London: Macmillan and Co., Limited, 1906. Item #05497
A Finely Bound Rubáyát of Omar Khayyám
RUBÁIYÁT OF OMAR KHAYYÁM. [RIVIERE, Binder]. Rubáiyát of Omar Khayyám. The Astronomer-Poet of Persia. Rendered into English Verse. London: Macmillan and Co., Limited, 1906.
Fifth edition, later issue. Octavo (7 3/4 x 5 /14 inches; 197 x 133 mm.). [iv], -112 pp.
Bound ca. 1906 by [Riviére] for Hatchards (stamp-signed in gilt on front turn-in). Full purple morocco, covers paneled in gilt, front cover elaborately decorated in gilt in an 'art nouveau' style with fifty-six tiny inlaid red morocco circles, rear cover with four tiny inlaid red morocco circles, spine with five raised bands, decoratively tooled and lettered in gilt in compartments, gilt board edges and turn-ins, marbled endpapers, all edges gilt. A fine example.
Of the five editions published, four were published under the authorial control of FitzGerald. The fifth edition, which contained only minor changes from the fourth, was edited posthumously on the basis of manuscript revisions FitzGerald had left.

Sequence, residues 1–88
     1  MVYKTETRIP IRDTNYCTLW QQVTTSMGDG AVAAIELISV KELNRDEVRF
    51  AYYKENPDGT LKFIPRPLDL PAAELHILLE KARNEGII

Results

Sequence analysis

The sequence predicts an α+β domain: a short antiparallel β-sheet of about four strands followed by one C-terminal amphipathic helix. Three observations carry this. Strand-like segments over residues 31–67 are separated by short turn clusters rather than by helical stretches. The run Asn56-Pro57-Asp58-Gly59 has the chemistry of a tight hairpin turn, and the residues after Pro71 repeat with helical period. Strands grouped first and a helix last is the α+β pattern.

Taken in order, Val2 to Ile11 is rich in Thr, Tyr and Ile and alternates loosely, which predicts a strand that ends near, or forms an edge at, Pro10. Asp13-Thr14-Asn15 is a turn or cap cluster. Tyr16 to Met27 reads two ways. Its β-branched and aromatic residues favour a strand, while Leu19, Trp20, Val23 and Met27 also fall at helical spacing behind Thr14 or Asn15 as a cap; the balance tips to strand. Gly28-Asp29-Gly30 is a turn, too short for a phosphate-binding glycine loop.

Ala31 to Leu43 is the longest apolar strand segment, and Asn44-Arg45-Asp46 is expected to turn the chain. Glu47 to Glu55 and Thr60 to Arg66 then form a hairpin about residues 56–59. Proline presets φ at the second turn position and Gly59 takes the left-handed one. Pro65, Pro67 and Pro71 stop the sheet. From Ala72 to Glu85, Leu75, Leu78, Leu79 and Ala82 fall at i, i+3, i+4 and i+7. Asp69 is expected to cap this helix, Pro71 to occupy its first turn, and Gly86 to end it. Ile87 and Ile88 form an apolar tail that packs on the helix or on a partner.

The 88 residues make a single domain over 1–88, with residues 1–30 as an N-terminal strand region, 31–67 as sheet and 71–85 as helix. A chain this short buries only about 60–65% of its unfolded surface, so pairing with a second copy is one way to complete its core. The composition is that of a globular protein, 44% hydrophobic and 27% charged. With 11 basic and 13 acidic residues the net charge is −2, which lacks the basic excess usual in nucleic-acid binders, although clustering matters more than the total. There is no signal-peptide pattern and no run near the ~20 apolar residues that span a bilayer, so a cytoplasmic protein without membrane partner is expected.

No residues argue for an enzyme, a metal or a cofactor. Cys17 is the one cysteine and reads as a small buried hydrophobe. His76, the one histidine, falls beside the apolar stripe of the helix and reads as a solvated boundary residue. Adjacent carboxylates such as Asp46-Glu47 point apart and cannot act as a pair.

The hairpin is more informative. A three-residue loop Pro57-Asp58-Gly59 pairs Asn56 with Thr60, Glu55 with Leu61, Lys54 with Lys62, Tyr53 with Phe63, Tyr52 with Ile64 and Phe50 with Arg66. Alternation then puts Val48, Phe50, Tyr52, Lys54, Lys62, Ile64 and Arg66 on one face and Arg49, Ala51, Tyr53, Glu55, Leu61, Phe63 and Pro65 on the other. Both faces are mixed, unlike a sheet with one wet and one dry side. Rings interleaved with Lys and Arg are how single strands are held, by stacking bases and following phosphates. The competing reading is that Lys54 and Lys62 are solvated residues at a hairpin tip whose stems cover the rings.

Edward FitzGerald’s version of Omar Khayyam’s quatrains was widely read only after it was taken up by the Pre-Raphaelites in 1861. The first version of the Rubáiyat had been published in 1859, the same year that Darwin’s Origin of the Species had appeared. A few years later, Matthew Arnold would publish “Dover Beach”, in which the melancholy long retreat of the “Sea of Faith” left humanity on a “darkling plain”. Already in 1850, in “In Memoriam”, Tennyson had raised questions about Christian doctrine and the immortality of the soul, only to dismiss them with suspicious glibness. The doubts and fears of the twelfth-century Persian philosopher were shared by many of his English and American readers. In the Rubáiyat, as the day wears on, its mostly agnostic protagonist becomes increasingly preoccupied by thoughts of mortality and judgment in a possible afterlife, and this too perfectly matched the Victorian preoccupation with death. Deathbed scenes were a popular staple of fiction and the cowled figure stalked through quite a few novels.